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    Note: Based on all residential approvals / completions with proposed residential units for which a site area could be calculated. Density is calculated by dividing the total number of units by the total residential site area. LDD figures for 1999-2002 and 2001-2004 apply to schemes with 10 or more units. Overall densities of housing completions have remained almost the stable whilst the density of approvals has increased again; as has been a consistent trend for the past 10 years. This year we have introduced the new comparison of LDD data for the periods 1999-2002 and 2001-2004. This indicates a similar trend as the ODPM figures but on a higher baseline. AMR5 noted 3 boroughs which had seen a decline in their permitted densities. Of these only Havering has continued to show a decline, to the extent that the average approved density in Havering is now the lowest in London and the only one to be at a similar level to 10 years ago. In terms of the Key Performance Indicator 2 the London Plan is having the intended effect in encouraging more efficient use of land. Analysis of 2007/8 planning approvals shows that 40% were within the relevant density ranges. 55% were above the range and only 5% were below the range. There is less of a distinction between larger and smaller developments than in the previous year. Table 10 % of units approvals Within Financial Year Range Above range Below Range 2004/05 31% 62% 8% 2005/06 28% 65% 7% 2006/7 over 15 units 39% 58% 3% 2006/7 all units 50% 32% 18% 2007/8 over 15 units 36% 63% 2% 2007/8 all units 40% 55% 5% Source: London Development Database. Note: Figures don’t total 100% due to rounding. Key Performance Indicator 3 Protection of open space Target No net loss of open space designated for protection in UDPs due to new development. The figures shown in Table 11 below indicate that there has been a significant loss of open space due to completed development. In previous years the losses of open space have tended to be compensated for by gains delivered by that development, with a caveat that in some cases the losses were of protected open space but the gains had not received the benefit of any protection. This year however there is a 20 ha net loss. This is disappointing and reflects the number of boroughs that have completed developments which are not on brownfield land. There is a similarly worrying pattern for the planning approvals in 2007/8 with a net loss of 78ha of open space. The majority of this, 64ha is due to a single development. That development was granted on appeal and is the Slade Green Rail Freight Depot in Bexley. Given both the evidence of the completions and the potential trend with the approvals, the protection of open space is an issue that the Mayor will investigate in the review of the London Plan and will continue to monitor in future AMRs. London Plan Annual Monitoring Report 5 – February 2009 27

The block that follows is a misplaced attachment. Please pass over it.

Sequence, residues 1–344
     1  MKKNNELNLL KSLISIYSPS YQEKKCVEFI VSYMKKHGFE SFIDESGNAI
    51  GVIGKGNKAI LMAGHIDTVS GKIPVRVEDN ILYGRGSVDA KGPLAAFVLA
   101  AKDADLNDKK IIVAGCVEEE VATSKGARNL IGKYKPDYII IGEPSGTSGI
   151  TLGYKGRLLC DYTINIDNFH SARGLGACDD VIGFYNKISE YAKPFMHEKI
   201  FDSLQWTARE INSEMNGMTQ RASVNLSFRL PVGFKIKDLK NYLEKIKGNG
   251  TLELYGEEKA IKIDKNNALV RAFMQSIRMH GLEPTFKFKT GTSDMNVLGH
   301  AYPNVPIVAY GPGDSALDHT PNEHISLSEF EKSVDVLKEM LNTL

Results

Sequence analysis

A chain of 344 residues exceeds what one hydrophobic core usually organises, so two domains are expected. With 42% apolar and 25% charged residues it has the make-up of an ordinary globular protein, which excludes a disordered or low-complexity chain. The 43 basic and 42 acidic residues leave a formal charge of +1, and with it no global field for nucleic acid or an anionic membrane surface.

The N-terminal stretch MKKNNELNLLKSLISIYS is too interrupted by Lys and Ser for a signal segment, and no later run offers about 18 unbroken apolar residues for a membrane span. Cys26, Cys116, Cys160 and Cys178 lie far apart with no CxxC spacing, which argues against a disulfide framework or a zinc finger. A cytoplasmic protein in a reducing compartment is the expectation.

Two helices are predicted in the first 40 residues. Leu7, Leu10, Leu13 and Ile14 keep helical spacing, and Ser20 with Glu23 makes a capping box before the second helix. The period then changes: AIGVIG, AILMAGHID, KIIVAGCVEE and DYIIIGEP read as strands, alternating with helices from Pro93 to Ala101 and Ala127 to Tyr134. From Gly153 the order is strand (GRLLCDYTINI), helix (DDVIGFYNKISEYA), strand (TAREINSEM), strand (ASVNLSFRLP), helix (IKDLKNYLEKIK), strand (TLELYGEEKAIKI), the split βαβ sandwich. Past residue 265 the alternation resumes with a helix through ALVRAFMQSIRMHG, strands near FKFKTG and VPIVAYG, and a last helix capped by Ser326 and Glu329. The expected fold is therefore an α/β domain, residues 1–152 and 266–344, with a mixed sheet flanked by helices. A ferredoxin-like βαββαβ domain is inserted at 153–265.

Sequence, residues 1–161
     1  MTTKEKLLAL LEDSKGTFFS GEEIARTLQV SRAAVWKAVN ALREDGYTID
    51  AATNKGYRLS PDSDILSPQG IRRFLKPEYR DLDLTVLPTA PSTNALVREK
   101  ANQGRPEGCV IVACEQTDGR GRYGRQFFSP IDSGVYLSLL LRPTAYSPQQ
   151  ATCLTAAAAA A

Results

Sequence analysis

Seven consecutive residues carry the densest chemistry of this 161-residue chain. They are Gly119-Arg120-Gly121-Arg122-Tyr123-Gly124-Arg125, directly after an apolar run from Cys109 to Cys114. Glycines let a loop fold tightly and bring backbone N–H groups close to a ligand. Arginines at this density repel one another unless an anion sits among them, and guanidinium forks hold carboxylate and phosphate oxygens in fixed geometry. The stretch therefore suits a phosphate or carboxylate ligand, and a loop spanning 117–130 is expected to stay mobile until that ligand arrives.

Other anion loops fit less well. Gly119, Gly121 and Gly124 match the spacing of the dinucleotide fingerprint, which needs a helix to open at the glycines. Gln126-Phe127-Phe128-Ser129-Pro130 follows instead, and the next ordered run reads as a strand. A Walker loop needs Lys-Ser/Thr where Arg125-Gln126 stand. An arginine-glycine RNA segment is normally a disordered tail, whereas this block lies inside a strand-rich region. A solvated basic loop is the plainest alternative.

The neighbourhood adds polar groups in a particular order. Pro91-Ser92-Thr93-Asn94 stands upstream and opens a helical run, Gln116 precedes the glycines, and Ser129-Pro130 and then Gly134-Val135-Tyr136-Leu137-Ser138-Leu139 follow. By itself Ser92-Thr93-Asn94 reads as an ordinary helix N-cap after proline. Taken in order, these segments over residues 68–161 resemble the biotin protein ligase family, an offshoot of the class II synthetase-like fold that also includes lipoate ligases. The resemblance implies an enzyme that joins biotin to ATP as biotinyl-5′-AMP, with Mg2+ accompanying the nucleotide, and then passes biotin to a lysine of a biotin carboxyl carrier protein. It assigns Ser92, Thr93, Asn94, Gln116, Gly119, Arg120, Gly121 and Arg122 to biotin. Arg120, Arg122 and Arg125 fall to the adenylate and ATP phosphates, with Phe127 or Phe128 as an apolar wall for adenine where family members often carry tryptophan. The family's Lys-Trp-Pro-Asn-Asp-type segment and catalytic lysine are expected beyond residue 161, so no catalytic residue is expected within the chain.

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    Table 11 Changes in open space due to new development or change of use 2007/08 Approvals Completions Borough Existing Proposed Net loss or Existing Proposed Net loss or open open gain (ha) open open gain (ha) space space space (ha) space (ha) (ha)* (ha)* Barking & Dagenham 33.048 31.217 -1.831 2.910 0.180 -2.730 Barnet 1.250 0 -1.250 0.560 0 -0.560 Bexley 63.799 0 -63.799 3.733 0 -3.733 Brent 0.216 0.342 0.126 0 0 0 Bromley 17.386 0.910 -16.476 0 0 0 Camden 0 0 0 0 0 0 City of London 0 0 0 0 0.288 0.288 Croydon 0 0 0 0.383 1.640 1.257 Ealing 0.031 0.031 0 0 0 0 Enfield 2.315 0.397 -1.918 0.399 0 -0.399 Greenwich 8.161 10.238 2.077 0 0 0 Hackney 0.012 0 -0.012 0 0.195 0.195 Hammersmith & Fulham 0.131 0 -0.131 0 0.174 0.174 Haringey 0.140 1.783 1.643 0.400 0.400 0 Harrow 2.853 0.308 -2.545 0 0 0 Havering 3.767 0 -3.767 0.080 0 -0.080 Hillingdon 64.337 64.187 -0.150 0 0 0 Hounslow 0.163 0 -0.163 5.942 0 -5.942 Islington 1.599 1.678 0.079 0.077 0 -0.077 Kensington & Chelsea 0.140 0.190 0.050 0 0 0 Kingston upon Thames 0 0 0 0 0.030 0.030 Lambeth 0.864 1.360 0.496 0 0.048 0.048 Lewisham 0 0 0 0.676 1.300 0.624 Merton 1.155 0 -1.155 0 0 0 Newham 4.977 13.141 8.164 0 0 0 Redbridge 1.798 0 -1.798 1.794 0 -1.794 Richmond upon Thames 0 0 0 0 0 0 Southwark 0.238 1.715 1.477 0.251 0.273 0.022 Sutton 0.018 0 -0.018 8.020 0.506 -7.514 Tower Hamlets 0.156 1.997 1.841 0.743 0 -0.743 Waltham Forest 0 0 0 0 0 0 Wandsworth 0.114 0.440 0.326 0.114 0.160 0.046 Westminster 0 0.279 0.279 0 0 0 London 208.668 130.213 -78.455 26.082 5.194 -20.888 Source: London Development Database (LDD). Losses and gains of open space in planning permissions recorded on LDD. The open space typology is taken from PPG17 and excludes private residential gardens and other areas within the London Plan Annual Monitoring Report 5 – February 2009 28